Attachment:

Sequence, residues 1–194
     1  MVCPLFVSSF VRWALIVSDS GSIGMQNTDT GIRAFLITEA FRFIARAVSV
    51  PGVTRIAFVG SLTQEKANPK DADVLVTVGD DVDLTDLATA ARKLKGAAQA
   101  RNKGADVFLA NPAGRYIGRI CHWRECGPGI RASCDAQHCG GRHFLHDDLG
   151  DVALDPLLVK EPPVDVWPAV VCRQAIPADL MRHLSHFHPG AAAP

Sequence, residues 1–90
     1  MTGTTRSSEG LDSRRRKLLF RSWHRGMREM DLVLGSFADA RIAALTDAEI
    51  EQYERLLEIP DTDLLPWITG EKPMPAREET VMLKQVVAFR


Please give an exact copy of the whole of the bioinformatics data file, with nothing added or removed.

Sequence, residues 1–194
     1  MVCPLFVSSF VRWALIVSDS GSIGMQNTDT GIRAFLITEA FRFIARAVSV
    51  PGVTRIAFVG SLTQEKANPK DADVLVTVGD DVDLTDLATA ARKLKGAAQA
   101  RNKGADVFLA NPAGRYIGRI CHWRECGPGI RASCDAQHCG GRHFLHDDLG
   151  DVALDPLLVK EPPVDVWPAV VCRQAIPADL MRHLSHFHPG AAAP

Sequence, residues 1–90
     1  MTGTTRSSEG LDSRRRKLLF RSWHRGMREM DLVLGSFADA RIAALTDAEI
    51  EQYERLLEIP DTDLLPWITG EKPMPAREET VMLKQVVAFR